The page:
Although this dark matter cannot be seen, its existence has been inferred from its gravitational influence on the motions of stars in galaxies and the motions of galaxies in clusters. Its presence can also be surmised from the relative amounts of light elements and isotopes produced in the Big Bang, and from the properties of high-temperature gas located in clusters of galaxies
Results from the Hubble Space Telescope and other instruments already have shown that if the leading version of the Big Bang theory is correct, then 90 to 95 percent of the mass in the universe must be in the unknown "dark" form. This means there must be 10 to 20 times as much dark matter, by mass, as ordinary matter, according to astronomers.
However, in locations observed prior to the work done by the Mulchaey, Davis, Mushotzky, and Burstein team, the ratio of dark matter to ordinary matter has been at most a factor of 2 to 4. Much of that work concentrated on studies of the most prominent groups of galaxies in space, the "rich clusters" - huge aggregates of hundreds to thousands of galaxies.
Mulchaey's group reasoned that although rich clusters have been the subject of most of the research on dark matter, they are not representative of the universe. "In fact, most galaxies are in small groups," Mulchaey explained.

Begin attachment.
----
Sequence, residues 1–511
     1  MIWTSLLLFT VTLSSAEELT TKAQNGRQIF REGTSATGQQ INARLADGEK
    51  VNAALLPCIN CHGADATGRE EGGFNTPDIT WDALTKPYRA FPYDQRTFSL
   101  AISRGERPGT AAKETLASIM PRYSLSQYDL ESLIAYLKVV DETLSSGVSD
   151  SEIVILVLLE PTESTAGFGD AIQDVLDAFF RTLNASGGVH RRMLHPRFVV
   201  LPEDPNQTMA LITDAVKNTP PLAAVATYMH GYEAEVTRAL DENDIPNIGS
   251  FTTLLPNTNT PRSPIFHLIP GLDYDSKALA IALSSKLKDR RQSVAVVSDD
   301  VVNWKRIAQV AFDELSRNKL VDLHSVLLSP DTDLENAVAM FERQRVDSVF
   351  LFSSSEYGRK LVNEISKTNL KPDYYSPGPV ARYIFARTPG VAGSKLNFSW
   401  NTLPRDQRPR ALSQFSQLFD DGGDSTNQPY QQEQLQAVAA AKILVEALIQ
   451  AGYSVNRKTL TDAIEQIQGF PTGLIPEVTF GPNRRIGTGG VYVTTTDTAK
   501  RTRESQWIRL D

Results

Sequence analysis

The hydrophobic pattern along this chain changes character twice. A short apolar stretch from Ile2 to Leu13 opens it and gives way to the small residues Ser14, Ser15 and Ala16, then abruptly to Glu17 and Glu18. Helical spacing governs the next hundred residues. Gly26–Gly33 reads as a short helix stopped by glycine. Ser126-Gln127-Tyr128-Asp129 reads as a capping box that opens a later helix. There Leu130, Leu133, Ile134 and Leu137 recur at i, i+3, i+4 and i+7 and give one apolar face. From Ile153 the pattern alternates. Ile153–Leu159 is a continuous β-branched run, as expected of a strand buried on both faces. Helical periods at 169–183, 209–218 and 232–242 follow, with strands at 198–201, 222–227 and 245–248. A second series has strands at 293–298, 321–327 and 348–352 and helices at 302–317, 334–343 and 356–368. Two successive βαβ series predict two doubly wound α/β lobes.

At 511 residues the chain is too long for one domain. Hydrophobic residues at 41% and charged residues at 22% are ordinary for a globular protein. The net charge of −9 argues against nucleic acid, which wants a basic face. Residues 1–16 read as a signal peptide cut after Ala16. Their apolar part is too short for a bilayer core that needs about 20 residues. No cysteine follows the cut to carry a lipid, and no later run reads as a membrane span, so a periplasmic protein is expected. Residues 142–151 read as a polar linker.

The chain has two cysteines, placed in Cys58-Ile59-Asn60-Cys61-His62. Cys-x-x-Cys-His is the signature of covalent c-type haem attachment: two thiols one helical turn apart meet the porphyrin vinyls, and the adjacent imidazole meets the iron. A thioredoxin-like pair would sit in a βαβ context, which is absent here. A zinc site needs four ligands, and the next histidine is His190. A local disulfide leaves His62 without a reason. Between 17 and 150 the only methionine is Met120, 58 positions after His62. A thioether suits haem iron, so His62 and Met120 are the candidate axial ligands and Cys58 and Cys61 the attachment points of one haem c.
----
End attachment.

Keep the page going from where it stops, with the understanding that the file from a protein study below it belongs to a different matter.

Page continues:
Mulchaey points out that another major difference between the NGC 2300 group and rich clusters of galaxies is that the hot gas in the smaller system is less enriched in "heavy" elements.
Light elements such as hydrogen and helium were produced in the original "Big Bang" while heavy elements such as iron are produced in stars and stellar explosions such as supernovae.
Because the remnant gas from the "Big Bang" should have little or no heavy elements, this might show that the gas in the small cluster is more "primordial" than that found in rich clusters and is a more representative sample of the universe.
A New Light on Dark Matter?
These results might solve the mystery of where most of the dark matter exists in the universe if further studies show that small groups of galaxies, which are located throughout the universe, have comparable ratios of dark to ordinary matter.
The consequences are that there is enough mass - and hence gravity - in space to "close the universe" by bringing its expansion to a halt, or nearly so.
Mulchaey emphasized that further observations of other small groups of galaxies are needed to confirm this theory. "While X-ray measurements of other small groups have not yet been done, we can speculate that based on this system, such groups may represent the place in the universe where the amount of dark matter is consistent with the models for the origin of the universe."
Mulchaey and Davis are University of Maryland graduate students who work with Dr. Mushotzky's research group at the Goddard Space Flight Center. Dr. Burstein is a Professor of Astronomy at Arizona State University.